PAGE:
Animal Kingdom (2010)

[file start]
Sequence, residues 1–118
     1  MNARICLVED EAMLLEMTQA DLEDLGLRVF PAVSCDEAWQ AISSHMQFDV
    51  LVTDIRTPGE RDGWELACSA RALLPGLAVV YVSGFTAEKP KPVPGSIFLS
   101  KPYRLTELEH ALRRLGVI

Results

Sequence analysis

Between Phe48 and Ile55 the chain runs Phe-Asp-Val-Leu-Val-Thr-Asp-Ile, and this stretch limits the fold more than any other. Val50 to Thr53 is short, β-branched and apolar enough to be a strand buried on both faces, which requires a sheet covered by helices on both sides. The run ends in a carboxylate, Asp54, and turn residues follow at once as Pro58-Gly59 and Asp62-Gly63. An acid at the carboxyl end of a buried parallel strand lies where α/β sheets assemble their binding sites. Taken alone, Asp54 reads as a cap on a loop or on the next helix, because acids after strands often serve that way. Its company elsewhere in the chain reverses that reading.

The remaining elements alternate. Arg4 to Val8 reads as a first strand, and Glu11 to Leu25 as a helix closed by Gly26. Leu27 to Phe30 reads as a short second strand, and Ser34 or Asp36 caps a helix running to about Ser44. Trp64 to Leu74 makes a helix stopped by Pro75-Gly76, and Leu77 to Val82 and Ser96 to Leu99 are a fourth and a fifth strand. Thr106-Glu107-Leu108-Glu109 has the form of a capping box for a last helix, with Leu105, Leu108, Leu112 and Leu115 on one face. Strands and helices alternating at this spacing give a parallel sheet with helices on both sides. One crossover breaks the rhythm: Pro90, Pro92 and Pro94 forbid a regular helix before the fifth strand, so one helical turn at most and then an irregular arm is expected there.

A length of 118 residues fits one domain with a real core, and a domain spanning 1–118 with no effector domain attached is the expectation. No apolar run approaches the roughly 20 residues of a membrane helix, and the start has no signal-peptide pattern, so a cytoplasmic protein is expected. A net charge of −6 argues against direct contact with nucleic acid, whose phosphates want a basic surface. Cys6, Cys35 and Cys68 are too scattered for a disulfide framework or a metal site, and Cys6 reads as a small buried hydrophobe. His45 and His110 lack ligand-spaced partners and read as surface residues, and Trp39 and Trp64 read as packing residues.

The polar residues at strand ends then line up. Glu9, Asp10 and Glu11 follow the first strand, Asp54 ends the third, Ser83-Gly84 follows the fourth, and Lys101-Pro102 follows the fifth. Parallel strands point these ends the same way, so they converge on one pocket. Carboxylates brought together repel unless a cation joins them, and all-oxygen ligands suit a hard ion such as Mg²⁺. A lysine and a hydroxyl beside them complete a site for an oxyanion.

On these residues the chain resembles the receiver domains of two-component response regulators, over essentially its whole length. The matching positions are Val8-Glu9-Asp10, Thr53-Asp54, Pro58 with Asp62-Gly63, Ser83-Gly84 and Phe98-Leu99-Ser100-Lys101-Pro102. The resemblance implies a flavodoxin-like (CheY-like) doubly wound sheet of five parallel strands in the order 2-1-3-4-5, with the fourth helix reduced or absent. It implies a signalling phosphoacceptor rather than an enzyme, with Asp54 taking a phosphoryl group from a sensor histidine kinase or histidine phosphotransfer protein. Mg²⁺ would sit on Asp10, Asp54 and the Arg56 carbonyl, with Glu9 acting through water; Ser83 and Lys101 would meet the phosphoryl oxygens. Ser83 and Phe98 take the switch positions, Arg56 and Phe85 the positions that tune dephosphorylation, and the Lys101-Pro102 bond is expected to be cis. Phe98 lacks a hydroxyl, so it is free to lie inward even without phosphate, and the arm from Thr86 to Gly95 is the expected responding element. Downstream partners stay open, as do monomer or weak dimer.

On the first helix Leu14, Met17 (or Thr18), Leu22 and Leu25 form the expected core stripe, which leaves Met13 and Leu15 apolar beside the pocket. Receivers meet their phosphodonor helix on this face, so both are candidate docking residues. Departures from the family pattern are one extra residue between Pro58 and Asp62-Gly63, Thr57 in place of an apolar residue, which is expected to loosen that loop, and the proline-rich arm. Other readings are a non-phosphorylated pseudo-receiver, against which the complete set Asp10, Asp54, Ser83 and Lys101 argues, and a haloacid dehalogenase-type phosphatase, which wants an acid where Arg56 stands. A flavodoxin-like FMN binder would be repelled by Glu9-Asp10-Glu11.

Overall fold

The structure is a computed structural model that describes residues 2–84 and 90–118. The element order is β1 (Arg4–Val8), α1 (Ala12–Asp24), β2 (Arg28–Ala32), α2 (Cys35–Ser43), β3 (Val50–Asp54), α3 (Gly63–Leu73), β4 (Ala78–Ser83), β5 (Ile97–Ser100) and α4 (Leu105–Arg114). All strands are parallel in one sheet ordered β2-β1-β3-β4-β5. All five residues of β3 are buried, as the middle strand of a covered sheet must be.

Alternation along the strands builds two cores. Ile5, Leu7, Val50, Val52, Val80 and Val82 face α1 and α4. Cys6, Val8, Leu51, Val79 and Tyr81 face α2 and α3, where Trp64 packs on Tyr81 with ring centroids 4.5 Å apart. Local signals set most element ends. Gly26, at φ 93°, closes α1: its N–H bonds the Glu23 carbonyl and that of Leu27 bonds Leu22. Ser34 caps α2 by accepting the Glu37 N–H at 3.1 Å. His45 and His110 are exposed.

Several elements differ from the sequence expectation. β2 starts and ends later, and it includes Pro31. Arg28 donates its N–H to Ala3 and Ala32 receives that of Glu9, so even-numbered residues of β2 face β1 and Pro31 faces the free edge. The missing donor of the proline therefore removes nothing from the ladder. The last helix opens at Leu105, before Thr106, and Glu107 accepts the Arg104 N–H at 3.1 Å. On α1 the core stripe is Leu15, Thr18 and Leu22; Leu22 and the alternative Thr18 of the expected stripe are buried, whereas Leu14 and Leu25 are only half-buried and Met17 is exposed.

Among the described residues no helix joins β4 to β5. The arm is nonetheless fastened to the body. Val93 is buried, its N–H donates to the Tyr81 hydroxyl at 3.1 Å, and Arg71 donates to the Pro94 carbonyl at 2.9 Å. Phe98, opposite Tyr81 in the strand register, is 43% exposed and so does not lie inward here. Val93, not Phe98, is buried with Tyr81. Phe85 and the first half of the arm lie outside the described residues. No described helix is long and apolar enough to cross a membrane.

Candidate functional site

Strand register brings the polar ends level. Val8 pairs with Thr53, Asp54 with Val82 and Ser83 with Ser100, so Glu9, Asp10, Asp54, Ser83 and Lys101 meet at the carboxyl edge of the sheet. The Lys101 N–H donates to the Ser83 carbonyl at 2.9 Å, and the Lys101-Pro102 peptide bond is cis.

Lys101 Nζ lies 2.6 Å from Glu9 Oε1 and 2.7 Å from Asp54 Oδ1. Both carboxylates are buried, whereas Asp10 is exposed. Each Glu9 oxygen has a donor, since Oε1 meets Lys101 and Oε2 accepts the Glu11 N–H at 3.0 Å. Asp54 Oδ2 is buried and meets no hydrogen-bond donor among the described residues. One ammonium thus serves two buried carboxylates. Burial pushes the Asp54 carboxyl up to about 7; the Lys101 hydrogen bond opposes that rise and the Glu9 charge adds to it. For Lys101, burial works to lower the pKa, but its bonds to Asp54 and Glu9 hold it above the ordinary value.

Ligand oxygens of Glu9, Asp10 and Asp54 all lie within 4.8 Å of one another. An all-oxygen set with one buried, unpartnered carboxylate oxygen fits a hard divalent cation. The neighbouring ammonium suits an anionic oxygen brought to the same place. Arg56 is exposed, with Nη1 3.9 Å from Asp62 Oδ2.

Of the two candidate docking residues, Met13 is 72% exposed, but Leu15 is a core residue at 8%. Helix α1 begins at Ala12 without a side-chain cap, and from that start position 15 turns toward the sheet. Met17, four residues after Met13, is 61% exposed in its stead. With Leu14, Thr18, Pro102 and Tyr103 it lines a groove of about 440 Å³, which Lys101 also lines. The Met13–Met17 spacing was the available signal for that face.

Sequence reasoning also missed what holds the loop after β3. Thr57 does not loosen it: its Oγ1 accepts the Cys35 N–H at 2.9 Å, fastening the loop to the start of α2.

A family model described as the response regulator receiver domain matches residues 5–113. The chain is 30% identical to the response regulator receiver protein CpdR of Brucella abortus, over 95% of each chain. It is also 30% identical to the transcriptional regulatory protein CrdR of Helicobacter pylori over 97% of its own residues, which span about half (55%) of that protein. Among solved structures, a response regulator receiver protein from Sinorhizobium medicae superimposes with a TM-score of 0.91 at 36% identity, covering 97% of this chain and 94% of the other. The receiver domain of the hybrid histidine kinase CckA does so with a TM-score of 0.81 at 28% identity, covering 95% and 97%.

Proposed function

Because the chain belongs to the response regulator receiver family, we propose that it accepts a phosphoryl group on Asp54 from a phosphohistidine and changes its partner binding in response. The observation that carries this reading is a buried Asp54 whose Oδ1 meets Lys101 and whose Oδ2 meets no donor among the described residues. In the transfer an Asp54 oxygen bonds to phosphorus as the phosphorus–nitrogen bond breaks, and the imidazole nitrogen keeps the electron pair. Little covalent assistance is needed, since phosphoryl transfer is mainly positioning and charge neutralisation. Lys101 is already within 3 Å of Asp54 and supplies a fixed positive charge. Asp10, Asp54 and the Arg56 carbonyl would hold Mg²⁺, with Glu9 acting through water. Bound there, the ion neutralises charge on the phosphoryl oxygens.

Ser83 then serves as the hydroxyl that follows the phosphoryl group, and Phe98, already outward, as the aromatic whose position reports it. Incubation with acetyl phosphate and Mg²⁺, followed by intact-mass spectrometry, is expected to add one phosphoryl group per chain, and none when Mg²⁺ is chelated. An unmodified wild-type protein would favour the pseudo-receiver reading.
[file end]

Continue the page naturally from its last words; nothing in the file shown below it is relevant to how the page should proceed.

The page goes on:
Animal Kingdom is a tautly impressive crime drama, directed with unshowy power by David Michod and very well acted. Seventeen year-old J. (James Frecheville) has nowhere to go after the death of his mother but the home of his grandmother, Janine Cody (Jacki Weaver), the matriarch of one of Melbourne's top crime families. The Codys are at war with the Armed Robbery Squad who've taken to offing gang members vigilante-style. The man they really want, though, is Janine's eldest son Andrew 'Pope' Cody (Ben Mendelsohn), who responds to one of these killings by murdering two patrolmen in revenge. J. is implicated in this and is soon the target of the police, specifically Sgt Nathan Leckie (Guy Pearce). What follows is an engrossing study of loyalty and ruthlessness, portraying the criminal world as a Darwinian eco-system of the strong and weak. Brought in for questioning J. is soon in a position where he can't trust the cops to protect him or his family not to kill him. Frecheville is impressive as the still centre of the film, Weaver icily chilling as Janine with Pearce quietly impressive as always. But it's Mendelsohn who steals the film, his Pope an unsettling presence not just for his unpredictable violence but also his predatory, passive-aggressive caring, belittling one minute, entrapping with fake intimacy the next, always probing for emotional weakness. It makes him one of recent cinemas more memorable and acutely-observed monsters.